#9 - We're never going to the Big E again.

I know that 9 of something is an odd number but I'm rebelling against societies pressure to conform to certain expectations when it comes to the grouping of important information. That, and I couldn't think of 10.

So, maybe you've learned something from reading this, or maybe you've gotten dumber from reading it. Either way, I don't really care. See ya next time (or not) when I discuss the impact of modern religion on democracy and the upcoming election.

Ha, ha! Who am I kidding? I'll probably just post a video since I'm pretty lazy.


Kid leash


Why do double chins only look cute on babies and toddlers?


Friday, September 19, 2008

10 Things We Love About Fall

Our Favorite Things About Fall (in no particular order):

1. apple cider (spiked for Mommy)
2. The Big E - even though it's exactly the same every year and we never buy anything but greasy, over-priced, fair food
3. pumpkin picking and carving
4. hot tea with lemon
5. not raking leaves and not feeling guilty about it (they're just gonna keep falling)
6. fuzzy socks
7. new clothes (or old clothes that feel like new cause you haven't worn them since last year)
8. chili and cornbread
9. cool mornings that make you want to sleep in (until you hear that inevitable voice calling from the second bedroom)
10. camping - when we were one person less (the sticky, smelly one) and could go without having to watch Elmo on the laptop and spend the entire night in the car (see "Camping Trip From Hell" in the archives)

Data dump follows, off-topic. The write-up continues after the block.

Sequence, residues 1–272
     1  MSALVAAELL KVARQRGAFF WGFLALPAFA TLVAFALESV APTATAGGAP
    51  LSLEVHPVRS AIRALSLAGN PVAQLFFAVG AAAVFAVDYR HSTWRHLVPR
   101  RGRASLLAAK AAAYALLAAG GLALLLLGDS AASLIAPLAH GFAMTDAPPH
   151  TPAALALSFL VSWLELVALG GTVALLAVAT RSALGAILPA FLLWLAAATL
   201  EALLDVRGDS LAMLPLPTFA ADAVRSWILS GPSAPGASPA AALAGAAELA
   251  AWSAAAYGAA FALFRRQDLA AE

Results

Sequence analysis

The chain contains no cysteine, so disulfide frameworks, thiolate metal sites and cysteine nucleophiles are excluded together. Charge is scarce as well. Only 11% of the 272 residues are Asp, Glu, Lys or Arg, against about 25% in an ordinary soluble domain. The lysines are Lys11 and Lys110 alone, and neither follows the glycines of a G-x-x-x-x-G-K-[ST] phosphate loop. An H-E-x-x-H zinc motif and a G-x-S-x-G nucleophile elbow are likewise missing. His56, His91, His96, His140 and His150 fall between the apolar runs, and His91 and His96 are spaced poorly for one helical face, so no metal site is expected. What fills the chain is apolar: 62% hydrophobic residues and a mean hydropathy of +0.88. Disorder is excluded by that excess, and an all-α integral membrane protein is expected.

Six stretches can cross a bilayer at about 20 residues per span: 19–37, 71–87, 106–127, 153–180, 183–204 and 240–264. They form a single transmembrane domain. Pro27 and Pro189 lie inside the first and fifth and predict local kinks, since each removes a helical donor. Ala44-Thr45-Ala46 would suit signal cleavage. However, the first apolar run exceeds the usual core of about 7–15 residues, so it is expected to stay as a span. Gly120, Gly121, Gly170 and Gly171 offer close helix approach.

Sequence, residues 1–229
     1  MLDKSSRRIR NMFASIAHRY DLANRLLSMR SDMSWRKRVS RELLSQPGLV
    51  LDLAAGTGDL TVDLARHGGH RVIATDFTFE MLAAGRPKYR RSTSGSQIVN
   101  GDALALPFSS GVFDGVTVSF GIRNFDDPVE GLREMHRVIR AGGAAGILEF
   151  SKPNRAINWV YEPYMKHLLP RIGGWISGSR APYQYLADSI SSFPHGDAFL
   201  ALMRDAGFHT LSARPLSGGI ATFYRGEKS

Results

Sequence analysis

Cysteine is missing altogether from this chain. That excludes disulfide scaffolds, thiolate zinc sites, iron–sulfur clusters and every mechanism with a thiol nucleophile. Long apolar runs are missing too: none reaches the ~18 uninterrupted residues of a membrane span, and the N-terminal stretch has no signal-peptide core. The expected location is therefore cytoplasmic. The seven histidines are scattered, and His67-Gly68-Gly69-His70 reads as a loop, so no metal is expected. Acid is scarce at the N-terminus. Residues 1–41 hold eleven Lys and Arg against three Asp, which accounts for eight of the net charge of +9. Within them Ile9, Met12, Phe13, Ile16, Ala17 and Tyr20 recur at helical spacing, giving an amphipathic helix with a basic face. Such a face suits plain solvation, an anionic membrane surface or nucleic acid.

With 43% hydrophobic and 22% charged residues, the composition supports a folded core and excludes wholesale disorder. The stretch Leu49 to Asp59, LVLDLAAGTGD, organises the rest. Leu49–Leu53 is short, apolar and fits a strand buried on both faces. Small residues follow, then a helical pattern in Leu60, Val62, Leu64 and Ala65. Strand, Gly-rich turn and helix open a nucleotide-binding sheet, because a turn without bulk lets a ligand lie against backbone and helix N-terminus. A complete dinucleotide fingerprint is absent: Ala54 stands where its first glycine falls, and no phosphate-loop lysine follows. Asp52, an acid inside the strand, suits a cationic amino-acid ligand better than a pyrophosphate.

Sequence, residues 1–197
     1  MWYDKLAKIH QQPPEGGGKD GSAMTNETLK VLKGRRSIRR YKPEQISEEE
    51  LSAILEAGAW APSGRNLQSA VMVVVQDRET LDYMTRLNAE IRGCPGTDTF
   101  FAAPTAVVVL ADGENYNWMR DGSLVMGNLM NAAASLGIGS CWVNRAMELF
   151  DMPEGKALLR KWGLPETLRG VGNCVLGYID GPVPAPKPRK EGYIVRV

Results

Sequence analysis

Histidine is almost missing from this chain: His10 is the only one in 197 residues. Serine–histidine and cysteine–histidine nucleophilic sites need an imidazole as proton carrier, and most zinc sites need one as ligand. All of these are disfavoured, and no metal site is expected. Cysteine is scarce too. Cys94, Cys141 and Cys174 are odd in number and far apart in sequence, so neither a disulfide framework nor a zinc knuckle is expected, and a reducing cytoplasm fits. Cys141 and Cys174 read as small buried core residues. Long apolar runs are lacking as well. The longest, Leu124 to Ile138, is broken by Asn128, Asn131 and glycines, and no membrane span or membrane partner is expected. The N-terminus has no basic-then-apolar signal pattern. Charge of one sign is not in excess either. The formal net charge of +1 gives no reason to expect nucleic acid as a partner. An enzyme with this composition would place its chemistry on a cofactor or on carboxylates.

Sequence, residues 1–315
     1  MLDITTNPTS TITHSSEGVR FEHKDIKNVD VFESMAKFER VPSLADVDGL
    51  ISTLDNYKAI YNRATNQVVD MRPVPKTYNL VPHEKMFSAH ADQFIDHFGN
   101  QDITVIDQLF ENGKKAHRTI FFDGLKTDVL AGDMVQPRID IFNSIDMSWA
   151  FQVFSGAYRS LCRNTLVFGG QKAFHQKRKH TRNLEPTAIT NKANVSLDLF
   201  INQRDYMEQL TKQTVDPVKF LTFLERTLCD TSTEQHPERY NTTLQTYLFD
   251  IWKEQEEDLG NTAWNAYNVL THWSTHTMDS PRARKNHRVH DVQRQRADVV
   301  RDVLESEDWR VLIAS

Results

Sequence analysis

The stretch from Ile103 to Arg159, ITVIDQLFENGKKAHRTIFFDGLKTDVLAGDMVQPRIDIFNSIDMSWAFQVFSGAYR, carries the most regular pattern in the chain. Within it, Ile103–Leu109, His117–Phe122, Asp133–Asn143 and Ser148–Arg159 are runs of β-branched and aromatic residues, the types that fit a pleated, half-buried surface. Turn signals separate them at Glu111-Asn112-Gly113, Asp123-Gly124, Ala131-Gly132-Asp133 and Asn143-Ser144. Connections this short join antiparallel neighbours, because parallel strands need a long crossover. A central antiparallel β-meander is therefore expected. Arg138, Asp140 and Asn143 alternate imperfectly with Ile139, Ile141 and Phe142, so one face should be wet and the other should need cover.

Those are my favorites. What are your favorite things about the season?


eating funnel cake at the Big E
*more about that on my next post

Wednesday, September 17, 2008

Mateo, the Cool Karate Chopping Break Dancer!

So, it turns out Mateo might have asthma. Just add that to the list of medical issues he will be self-conscious about during his most vulnerable years (namely, middle school). Seriously, the boy is on the fast track to geek-dom. Between the cleft palate scars, the allergies, the eczema, and the asthma, he's a walking target ready for wedgies and swirlies. Do they even do those anymore? Maybe I'm in the wrong generation. Let's see, blog-bashing and compromising pictures on facebook?That's why I am preemptively taking action to make sure Mateo has something that makes him cool that other kids don't. So, as soon as next year, he will be starting either martial arts (that way if kids mess with them he can just kick their ass) or hip hop dancing.

But seriously, he did have an asthma attack on Monday morning. It was pretty scary, for me anyway, Mateo could care less. It didn't slow him down much. I noticed he was coughing constantly Monday morning, then he started breathing funny and getting lethargic and sleepy even though it wasn't nap time. So I called the doctor, unsure of whether I was being paranoid. I do call a lot. That may be an understatement. Let's just say the receptionists know me by voice.
And we are in the office, probably, every other week. But every time is legit, I swear. My biggest fear is that the nurses will start thinking I have M√ľnchhausen's or hypochondria.

But they told me to bring him in right away, which I did. By the time we got there, Mateo had perked up and was running around, screeching and playing, like his same old self. Clearly he didn't look sick and the nurses almost called social services on me.